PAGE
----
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Oral administration of L-arginine improves gastrointestinal function in dystrophic mdx mice

K. Swiderski,1 R. Bindon,1 J. Trieu,1 T. Naim,1 E.L. Hill-Yardin,2,3 R. Koopman,1 J.C. Bornstein2 and G.S. Lynch,1 1Basic and Clinical Myology Laboratory, Department of Physiology, The University of Melbourne, VIC 3010, Australia, 2The Enteric Nervous System Laboratory, Department of Physiology, The University of Melbourne, VIC 3010, Australia, and 3Gut-Brain Axis Laboratory, School of Health and Biomedical Sciences, RMIT Univeristy, VIC 3083, Australia..

Duchenne muscular dystrophy (DMD) is a devastating muscle wasting disorder which results from mutations in the dystrophin (dmd) gene. It is characterized by progressive weakness and wasting of both skeletal and cardiac muscle, leading to loss of ambulation, respiratory complications and death. However, since the dmd gene encodes multiple dystrophin protein isoforms of various length and tissue distribution, the loss of dystrophin also affects other organ systems with serious impact on patient quality of life such as clinical manifestations of abnormal gastric and colonic motor activities. Constipation, bloating, and feelings of fullness are reported as matters of fact in DMD patients and those with other muscular dystrophies. Studies in mdx mice (the most widely used animal model of DMD) show reduced gastric and small intestinal motility, which is counteracted by addition of relaxin, a modulator of nitric oxide (NO) production. Since dystrophin deficiency affects NO production in skeletal muscle fibres, it is likely that dysregulated NO production causes gastrointestinal (GI) dysfunction in DMD. Indeed, studies have revealed both myogenic NOS and endogenous NO production are defective in colons of mdx mice (Mule et al., 2001). The addition of L-arginine [which is converted to NO by NO synthase (NOS)] restores normal motor activity in isolated colons from mdx mice (Azzena et al., 1999). Therefore, compounds that increase activity of NOS and/or NO production are likely to improve GI dysfunction in muscular dystrophy. We investigated the effect of systemic L-arginine and its metabolic precursor L-citrulline administration on GI function in the mdx mouse.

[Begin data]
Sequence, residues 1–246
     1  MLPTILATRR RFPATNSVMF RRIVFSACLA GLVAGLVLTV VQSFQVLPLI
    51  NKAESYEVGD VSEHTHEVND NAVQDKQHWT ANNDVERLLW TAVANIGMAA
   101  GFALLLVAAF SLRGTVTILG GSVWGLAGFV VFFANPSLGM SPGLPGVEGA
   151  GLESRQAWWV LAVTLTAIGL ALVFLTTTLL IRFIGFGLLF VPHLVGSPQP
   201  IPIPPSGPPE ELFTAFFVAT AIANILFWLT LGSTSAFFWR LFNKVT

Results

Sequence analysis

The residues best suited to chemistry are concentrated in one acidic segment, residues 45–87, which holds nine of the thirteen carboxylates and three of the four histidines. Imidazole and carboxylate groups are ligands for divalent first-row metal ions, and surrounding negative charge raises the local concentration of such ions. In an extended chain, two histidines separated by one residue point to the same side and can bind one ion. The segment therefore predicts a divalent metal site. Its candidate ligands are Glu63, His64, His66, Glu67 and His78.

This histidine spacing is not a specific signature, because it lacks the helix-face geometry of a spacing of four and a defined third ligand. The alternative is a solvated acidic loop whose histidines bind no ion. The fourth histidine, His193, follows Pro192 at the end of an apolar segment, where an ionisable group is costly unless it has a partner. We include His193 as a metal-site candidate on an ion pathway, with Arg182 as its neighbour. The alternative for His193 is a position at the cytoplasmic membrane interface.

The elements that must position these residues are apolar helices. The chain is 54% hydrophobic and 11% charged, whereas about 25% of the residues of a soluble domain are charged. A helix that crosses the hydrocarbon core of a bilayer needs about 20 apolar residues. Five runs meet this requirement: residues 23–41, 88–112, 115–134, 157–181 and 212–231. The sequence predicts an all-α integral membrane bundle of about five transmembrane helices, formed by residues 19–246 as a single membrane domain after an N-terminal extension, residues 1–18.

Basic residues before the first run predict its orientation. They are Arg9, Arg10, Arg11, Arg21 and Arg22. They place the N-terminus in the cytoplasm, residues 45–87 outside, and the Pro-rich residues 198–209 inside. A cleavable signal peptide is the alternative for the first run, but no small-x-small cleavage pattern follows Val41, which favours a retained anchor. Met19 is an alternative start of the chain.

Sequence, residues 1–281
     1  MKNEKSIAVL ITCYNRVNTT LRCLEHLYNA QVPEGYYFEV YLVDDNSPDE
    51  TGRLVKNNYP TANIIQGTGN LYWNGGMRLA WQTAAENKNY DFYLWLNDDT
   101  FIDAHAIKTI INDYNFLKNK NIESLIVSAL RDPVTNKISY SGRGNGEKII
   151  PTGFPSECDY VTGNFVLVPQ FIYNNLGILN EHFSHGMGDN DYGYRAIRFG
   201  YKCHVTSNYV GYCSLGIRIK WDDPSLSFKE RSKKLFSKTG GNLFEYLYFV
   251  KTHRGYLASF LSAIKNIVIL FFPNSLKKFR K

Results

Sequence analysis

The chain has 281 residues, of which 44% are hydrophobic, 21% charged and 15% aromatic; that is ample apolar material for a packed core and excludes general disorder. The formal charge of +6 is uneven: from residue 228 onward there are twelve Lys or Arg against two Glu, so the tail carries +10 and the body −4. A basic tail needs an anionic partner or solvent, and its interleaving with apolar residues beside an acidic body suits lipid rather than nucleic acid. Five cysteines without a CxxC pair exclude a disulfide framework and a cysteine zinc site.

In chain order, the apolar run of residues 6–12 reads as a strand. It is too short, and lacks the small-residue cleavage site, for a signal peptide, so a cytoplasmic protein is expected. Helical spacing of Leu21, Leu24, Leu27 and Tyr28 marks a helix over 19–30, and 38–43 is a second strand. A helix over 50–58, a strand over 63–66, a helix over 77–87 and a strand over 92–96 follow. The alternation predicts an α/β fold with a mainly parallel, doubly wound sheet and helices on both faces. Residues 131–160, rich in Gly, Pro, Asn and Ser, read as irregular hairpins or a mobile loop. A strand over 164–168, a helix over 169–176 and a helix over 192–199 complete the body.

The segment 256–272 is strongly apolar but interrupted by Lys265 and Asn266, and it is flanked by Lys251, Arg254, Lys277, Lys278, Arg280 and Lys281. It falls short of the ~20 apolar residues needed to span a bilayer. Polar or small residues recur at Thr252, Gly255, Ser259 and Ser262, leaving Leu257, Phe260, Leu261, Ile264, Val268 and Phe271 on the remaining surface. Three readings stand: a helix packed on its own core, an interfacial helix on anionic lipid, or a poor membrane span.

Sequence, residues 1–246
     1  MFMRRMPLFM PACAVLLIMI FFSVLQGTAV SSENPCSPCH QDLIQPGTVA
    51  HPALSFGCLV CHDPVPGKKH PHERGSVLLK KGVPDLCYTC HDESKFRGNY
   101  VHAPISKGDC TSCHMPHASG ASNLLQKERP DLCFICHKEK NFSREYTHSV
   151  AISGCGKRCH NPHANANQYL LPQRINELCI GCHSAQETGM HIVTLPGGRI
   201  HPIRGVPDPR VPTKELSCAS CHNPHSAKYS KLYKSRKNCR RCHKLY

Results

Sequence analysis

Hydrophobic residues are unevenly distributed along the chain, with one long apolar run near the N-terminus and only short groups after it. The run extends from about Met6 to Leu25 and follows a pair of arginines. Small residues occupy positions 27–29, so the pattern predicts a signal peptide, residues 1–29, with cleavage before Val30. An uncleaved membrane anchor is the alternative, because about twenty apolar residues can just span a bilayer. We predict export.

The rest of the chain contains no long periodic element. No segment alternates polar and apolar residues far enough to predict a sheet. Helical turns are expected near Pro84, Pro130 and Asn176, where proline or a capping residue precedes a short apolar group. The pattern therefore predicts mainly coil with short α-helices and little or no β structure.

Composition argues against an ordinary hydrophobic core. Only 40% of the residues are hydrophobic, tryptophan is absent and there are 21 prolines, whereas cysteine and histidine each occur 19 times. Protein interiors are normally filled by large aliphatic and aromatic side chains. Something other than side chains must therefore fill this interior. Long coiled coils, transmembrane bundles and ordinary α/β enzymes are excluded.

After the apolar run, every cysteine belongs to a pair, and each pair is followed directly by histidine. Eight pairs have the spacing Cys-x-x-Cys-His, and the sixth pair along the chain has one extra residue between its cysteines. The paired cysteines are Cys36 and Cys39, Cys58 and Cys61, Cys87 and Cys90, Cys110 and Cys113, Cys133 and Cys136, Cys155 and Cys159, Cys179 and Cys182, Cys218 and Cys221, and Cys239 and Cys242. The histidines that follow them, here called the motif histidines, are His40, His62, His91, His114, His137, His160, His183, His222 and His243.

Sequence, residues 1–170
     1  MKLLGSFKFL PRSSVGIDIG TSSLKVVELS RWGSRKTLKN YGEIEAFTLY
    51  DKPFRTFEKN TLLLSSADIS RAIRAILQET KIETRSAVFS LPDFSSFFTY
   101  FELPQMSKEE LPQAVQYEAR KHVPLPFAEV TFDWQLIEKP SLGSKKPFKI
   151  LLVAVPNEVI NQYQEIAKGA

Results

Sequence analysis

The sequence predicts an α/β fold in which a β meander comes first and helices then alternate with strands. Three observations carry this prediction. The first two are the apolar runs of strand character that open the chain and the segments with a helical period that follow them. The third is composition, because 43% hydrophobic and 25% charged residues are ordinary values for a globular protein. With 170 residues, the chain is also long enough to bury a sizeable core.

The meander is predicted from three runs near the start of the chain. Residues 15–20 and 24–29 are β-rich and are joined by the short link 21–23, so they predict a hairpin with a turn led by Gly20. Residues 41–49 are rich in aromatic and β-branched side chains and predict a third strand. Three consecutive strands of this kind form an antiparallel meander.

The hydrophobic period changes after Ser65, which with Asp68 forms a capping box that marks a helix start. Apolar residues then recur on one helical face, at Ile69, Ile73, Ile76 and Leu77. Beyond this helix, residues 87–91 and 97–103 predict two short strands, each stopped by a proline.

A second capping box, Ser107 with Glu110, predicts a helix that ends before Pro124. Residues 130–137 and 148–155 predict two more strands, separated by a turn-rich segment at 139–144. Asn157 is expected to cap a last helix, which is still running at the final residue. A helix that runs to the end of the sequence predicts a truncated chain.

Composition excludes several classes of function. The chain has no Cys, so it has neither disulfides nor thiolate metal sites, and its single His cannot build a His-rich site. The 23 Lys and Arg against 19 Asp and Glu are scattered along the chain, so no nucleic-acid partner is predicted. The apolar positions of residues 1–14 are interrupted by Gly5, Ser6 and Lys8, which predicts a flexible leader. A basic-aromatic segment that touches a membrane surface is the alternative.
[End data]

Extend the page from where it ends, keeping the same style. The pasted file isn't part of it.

All experiments were approved by the Animal Ethics Committee of The University of Melbourne and conducted in accordance with the Australian code of practice for the care and use of animals for scientific purposes (NH&MRC). To assess the ability of a dietary intervention to improve GI function, 4-week-old male C57BL/10 and mdx mice received either vehicle, L-arginine (1 g/kg/day), the amino acid control L-alanine (1 g/kg/day) or L-citrulline (1 g/kg/day) in the feed for 8 weeks. At the end of the treatment, mice were killed by cervical dislocation. Colons were excised, faecal pellets analysed, and colon motility examined by spatiotemporal mapping ex vivo (Swaminathan et al, 2016). The quadriceps, gastrocnemius, soleus, extensor digitorum longus, and tibialis anterior muscles as well as the heart were excised and weighed to assess any protective effect of each diet on the dystrophic pathology.

No significant differences in faecal pellet length, width or mass were observed between groups. Resting colon diameter was unchanged between C57BL/10 and mdx mice in the proximal and mid colon, but the diameter of the distal colon was significantly smaller in mdx mice relative to C57BL/10 (P < 0.05; genotype main effect). This was attenuated in mdx mice fed L-arginine. Using spatiotemporal mapping of video recordings of colon contractions ex vivo, we observed an overall genotype effect for increased colon contractions in the proximal, mid, and distal colons of mdx mice relative to C57BL/10 mice when fed the control diet which was most pronounced in the distal colon (P < 0.0001). Interestingly, diet did not alter contraction number between genotypes in either the proximal or mid colon, but administration of either L-citrulline or L-arginine attenuated contraction number in the distal colons of mdx mice relative to C57BL/10 mice. The mass of the quadriceps, gastrocnemius, soleus, extensor digitorum longus, and tibialis anterior muscles (P < 0.0001 genotype main effect) as well as the heart (P < 0.05 genotype main effect) were increased in mdx mice compared to C57BL/10 mice and not altered by diet.

Together these data suggest an altered phenotype within the distal colon of mdx mice that may be attenuated by L-citrulline or L-arginine supplementation to improve GI function. The ability to modulate GI dysfunction in muscular dystrophy using compounds already clinically approved has the potential to immediately improve quality of life for DMD patients.

Azzena, GB & Mancinelli R. (1999). Neurosci Lett 261: 9-12.

Mule F, Vannucchi MG, Corsani L, Serio R, & Faussone-Pellegrini MS. (2001). Am J Physiol Gastrointest Liver Physiol 281: G1264-70.

Swaminathan M, Hill-Yardin E, Ellis M, Zygorodimos M, Johnston LA, Gwynne RM, & Bornstein JC. (2016). J Vis Exp 3: 53828.

Supported by a research grant from the Dutch Parent Project (Muscular Dystrophy).